Republicans attempt to destroy capitalism

Thursday's events were extraordinary. The Paulson administration had basically come to terms with the Democratic Congressional leadership on a bailout plan, agreeing to give up Paulson's demand for dictatorship over the economy and include funds for non-ultra-rich people to make the far larger funds for ultra-rich people more palatable. Then, at a meeting called to finalize the arrangement (or so the Paulson administration and Democrats thought), the Congressional Republicans proceeded to reject the whole framework in dramatic fashion - while John McCain sat silently by:
once the doors closed, the smooth-talking House Republican leader, John A. Boehner of Ohio, surprised many in the room by declaring that his caucus could not support the plan to allow the government to buy distressed mortgage assets from ailing financial companies.

Mr. Boehner pressed an alternative that involved a smaller role for the government, and Mr. McCain, whose support of the deal is critical if fellow Republicans are to sign on, declined to take a stand. . . .

Thursday, in the Roosevelt Room after the session, the Treasury secretary, Henry M. Paulson Jr., literally bent down on one knee as he pleaded with Nancy Pelosi, the House Speaker, not to “blow it up” by withdrawing her party’s support for the package over what Ms. Pelosi derided as a Republican betrayal.

“I didn’t know you were Catholic,” Ms. Pelosi said, a wry reference to Mr. Paulson’s kneeling, according to someone who observed the exchange. She went on: “It’s not me blowing this up, it’s the Republicans.”

Mr. Paulson sighed. “I know. I know.”
Why would the Republicans do this? There are two explanations: because they really believe that the government shouldn't be involved so much in the economy, or because they're looking for short-term political advantage. The electoral advantages are obvious - a large majority of the country is opposed to the government bailout (55 percent vs 31 percent in favor).

But the changes that Republicans have demanded are revealing (tho completely unworkable), and they may actually believe their free market ideology. On September 18 over a hundred House Republicans wrote a letter to Paulson and Bernanke, arguing that “federal investment in such large amounts of private company stock has the appearance of a socialist and not a free market approach to managing our economy.” Representative Jeb Hensarling of Texas, speaking for many of his colleagues, referred to the bailout as “the road to socialism”. If only it were so!

This represents a stunning ignorance of the nature of both capitalism and authoritarian planned economies (which is what they actually mean when they say socialism) - an ignorance that could have disastrous consequences. Thruout the 20th century, “socialism” was the bogeyman of the American elite - but it was not a single thing. Rather, it was a polemical conflation of three things: the Soviet Union's threat to American global hegemony, the threat of workers to capitalists, and the inconvenience of government regulation and spending to capitalists' free pursuit of profits.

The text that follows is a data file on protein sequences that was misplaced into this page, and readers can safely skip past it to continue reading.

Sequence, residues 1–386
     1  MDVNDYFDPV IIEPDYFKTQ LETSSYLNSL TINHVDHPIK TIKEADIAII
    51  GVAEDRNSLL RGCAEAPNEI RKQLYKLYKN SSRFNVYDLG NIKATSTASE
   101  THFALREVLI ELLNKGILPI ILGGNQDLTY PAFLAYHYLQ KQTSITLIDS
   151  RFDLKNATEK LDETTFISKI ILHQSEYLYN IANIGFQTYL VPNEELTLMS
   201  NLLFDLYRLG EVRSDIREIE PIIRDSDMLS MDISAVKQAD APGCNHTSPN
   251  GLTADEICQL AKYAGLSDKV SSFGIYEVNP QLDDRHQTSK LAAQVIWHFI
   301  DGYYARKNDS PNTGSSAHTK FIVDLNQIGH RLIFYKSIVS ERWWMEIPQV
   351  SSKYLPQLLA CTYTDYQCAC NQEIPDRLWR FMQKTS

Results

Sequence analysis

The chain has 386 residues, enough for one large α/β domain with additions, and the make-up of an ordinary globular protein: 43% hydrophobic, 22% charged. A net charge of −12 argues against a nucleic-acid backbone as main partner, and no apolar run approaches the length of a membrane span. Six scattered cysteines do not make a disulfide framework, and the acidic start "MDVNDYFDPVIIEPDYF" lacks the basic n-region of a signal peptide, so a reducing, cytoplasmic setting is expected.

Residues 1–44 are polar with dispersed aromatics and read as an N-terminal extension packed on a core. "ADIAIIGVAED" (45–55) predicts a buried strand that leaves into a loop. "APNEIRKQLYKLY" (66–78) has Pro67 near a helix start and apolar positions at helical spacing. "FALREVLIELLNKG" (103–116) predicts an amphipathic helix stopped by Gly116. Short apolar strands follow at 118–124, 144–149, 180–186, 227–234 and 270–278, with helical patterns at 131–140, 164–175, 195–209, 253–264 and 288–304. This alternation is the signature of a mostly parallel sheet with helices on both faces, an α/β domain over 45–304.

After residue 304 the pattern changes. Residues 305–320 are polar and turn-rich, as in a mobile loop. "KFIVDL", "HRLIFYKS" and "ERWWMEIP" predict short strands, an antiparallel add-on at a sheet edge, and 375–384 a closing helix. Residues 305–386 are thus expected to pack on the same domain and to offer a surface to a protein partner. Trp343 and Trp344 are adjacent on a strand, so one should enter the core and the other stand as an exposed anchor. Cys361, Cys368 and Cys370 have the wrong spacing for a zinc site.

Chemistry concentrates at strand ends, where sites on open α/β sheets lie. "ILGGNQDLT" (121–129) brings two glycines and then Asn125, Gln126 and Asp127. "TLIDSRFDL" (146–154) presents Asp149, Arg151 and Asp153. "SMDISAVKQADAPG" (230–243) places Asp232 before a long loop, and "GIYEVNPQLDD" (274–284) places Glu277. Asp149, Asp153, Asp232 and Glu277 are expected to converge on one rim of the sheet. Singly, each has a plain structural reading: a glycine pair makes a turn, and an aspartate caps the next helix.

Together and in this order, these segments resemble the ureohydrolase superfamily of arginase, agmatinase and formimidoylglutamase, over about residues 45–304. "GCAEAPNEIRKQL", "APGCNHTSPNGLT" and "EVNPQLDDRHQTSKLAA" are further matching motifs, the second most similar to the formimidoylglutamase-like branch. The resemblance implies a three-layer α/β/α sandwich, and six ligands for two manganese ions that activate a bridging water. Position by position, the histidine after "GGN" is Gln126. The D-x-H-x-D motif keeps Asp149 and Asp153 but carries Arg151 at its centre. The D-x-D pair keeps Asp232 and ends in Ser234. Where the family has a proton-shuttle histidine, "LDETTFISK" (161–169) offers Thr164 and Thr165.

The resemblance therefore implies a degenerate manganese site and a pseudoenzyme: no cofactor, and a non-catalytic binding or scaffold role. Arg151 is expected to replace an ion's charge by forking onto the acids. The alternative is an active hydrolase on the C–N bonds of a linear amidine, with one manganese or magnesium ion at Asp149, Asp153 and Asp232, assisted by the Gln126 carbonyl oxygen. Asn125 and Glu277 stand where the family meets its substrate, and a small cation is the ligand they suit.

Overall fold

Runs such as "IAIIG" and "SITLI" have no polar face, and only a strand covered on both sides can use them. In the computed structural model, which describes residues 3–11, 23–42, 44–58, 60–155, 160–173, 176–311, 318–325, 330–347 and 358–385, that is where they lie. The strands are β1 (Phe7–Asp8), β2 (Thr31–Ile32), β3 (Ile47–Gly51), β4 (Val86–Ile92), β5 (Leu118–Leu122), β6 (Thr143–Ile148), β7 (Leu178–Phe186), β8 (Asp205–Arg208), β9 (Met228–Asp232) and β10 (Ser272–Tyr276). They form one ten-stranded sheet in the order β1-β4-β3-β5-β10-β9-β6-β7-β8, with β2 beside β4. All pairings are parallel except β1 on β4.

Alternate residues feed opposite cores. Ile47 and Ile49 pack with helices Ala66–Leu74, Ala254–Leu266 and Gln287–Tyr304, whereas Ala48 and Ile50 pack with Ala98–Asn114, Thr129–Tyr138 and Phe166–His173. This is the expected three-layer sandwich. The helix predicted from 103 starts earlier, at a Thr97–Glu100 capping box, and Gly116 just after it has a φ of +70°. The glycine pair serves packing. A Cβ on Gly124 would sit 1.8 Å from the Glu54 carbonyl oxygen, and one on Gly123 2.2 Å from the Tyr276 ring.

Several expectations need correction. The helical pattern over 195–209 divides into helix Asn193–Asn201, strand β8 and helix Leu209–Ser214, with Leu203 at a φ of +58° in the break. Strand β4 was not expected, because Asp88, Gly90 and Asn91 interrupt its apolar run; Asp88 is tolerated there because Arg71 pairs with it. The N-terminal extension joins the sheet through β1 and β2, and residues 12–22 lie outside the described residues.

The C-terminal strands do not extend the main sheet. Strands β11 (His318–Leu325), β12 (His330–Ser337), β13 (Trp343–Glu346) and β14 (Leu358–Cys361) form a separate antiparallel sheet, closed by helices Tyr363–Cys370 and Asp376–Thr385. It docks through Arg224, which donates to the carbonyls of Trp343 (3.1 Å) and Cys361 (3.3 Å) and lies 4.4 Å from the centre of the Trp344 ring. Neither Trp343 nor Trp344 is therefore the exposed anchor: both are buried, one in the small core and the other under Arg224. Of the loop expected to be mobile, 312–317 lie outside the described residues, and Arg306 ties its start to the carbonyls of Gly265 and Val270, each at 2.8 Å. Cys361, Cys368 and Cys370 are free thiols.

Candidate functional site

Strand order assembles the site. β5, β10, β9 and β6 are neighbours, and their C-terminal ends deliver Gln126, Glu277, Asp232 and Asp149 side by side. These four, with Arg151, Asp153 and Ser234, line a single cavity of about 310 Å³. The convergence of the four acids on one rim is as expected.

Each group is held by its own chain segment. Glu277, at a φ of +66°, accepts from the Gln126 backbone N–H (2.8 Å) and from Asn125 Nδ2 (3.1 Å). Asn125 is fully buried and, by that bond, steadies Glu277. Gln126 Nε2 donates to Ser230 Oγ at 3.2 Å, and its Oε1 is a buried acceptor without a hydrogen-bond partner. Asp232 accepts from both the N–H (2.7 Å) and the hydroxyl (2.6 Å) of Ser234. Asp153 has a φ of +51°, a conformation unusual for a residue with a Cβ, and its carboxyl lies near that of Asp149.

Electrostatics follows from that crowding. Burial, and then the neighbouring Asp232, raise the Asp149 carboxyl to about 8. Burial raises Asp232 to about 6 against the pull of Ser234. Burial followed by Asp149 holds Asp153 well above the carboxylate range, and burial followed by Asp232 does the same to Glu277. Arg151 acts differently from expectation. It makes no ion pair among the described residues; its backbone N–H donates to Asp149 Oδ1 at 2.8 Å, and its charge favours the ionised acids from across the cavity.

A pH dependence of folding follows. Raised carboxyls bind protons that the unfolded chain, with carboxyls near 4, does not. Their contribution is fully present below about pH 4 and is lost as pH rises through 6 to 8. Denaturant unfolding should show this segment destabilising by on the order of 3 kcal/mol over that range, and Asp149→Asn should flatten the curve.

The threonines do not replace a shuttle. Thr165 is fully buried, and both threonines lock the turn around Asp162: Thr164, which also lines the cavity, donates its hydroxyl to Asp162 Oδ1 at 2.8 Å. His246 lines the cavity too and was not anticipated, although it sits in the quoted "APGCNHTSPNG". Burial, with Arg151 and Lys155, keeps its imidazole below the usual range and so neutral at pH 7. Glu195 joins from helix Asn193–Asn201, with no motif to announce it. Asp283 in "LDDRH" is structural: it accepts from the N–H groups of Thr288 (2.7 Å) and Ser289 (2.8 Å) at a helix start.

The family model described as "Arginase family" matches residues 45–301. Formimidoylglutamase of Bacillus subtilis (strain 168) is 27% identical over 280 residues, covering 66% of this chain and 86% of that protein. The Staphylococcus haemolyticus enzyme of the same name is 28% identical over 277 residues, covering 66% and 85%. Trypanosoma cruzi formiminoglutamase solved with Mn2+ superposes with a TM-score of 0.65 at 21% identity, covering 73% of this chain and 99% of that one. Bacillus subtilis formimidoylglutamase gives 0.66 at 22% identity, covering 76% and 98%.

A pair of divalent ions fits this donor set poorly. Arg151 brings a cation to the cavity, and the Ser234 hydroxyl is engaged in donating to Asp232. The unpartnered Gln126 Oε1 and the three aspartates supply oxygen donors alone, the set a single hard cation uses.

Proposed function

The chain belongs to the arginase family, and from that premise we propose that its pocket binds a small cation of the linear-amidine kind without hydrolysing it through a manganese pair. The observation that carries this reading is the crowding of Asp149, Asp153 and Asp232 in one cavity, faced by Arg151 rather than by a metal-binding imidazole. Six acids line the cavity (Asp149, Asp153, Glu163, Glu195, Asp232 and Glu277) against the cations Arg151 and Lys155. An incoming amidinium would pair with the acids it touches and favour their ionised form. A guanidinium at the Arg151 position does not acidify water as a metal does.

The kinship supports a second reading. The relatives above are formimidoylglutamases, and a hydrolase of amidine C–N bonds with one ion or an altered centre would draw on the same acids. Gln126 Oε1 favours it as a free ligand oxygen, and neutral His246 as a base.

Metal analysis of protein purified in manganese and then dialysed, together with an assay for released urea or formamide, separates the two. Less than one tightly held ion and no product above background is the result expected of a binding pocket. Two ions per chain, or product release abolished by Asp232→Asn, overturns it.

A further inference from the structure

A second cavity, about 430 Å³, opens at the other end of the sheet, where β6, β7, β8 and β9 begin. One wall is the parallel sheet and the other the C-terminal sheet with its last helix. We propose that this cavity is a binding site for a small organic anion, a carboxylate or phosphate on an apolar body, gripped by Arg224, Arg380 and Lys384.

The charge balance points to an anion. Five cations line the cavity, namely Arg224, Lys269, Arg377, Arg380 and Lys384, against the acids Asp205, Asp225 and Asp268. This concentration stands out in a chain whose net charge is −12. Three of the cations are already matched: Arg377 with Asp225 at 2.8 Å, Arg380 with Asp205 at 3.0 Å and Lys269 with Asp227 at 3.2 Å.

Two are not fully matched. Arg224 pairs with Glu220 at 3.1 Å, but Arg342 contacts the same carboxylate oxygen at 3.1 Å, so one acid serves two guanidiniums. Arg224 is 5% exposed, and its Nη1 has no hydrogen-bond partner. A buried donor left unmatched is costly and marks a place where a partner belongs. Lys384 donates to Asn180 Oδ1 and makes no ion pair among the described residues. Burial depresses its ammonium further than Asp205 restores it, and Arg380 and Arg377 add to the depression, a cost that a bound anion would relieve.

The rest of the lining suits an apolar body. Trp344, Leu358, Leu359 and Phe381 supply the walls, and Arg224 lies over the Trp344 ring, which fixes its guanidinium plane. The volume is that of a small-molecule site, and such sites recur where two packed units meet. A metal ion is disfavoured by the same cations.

The first two problems were, in the end, solved thru a blood-drenched history of foreign intervention and labor repression. Both were real threats to the power of the economic elite over society and internationally. But the third issue is not a threat at all - it is a periodic necessity required by the crisis tendencies of capitalism itself.

Yet much of the right wing is incapable of analytically separating these three issues, and instead interpret the world thru this polemical slogan. Thus all government programs and interventions in the economy become “socialism”, and since socialism is the enemy of all that is true and just, it must be avoided at all costs.

This kind of thinking is what turned the crisis of 1929 into the Great Depression. For three years the Hoover administration, paralyzed by its laissez-faire ideology, refused to take the aggressive action necessary to mitigate the crisis. The result was nearly the destruction of capitalism.

We are unlikely to see a repeat of this disaster - the servants of capital in the government now have decades of experience with economic intervention to prevent the market economy from destroying itself, and agreement on the bailout now seems near. But we could be seeing the birth of a new right-wing myth of betrayal.

The right never forgave FDR for saving capitalism by using government spending to co-opt popular anger and stimulate the economy. Screaming "socialism" the whole way, they fought a bitter and mostly futile rear-guard battle against the emergence of the Fordist regime of accumulation (altho it is a tribute to their hysterical anticommunist campaigns that the United States remains the only rich country without universal government-provided or -guaranteed healthcare, itself a major drain on business). The resentment at their failure to reestablish the absolute freedom of capital combined with the major challenges to American supremacy and white privilege of the 1960s to fuel the rise of the right that we now suffer thru.

If the current crisis ushers in a new era of regulation and government spending, look for the right to cast the bailout as the moment that betrayed the promise of free markets to organize their utopia of inequality. This mythical association of market economics with individual freedom is the foundation upon which all rationalizations of inequality are based, and the rock upon which our attempts to deepen democracy and reduce social divisions have repeatedly been smashed. Of all the failures of the American left, the failure to counter this myth by spreading a realistic understanding of how capitalism works is perhaps the most fundamental.


Review: There Goes the Neighborhood

I've posted a review of There Goes the Neighborhood: Racial, Ethnic, and Class Tensions in Four Chicago Neighborhoods and Their Meaning for America (2006), by William Julius Wilson and Richard P. Taub, on Amazon. Chicago comrades might want to read it - it's not the greatest book, but you get a good idea of the diversity of the South Side as well as some classic examples of Chicago racism, and it's a fast read.


Capitalist disaster season is here once again

Five hundred years of capitalism has produced one crisis after another, an endless procession of violently deflating asset bubbles and horrific wars inextricably linked to competition over markets and resources. So it is frankly bizarre that, as the latest such crisis destroys massive amounts of wealth and threatens catastrophe to the entire world, mainstream American opinion lamely argues over whether lax regulation or the character flaws of securities traders and mortgage buyers are to blame. How many centuries marked by serious crisis every 30 years or so and punctuated by numerous smaller disasters will it take before we learn - capitalism creates devastating crisis by its very nature!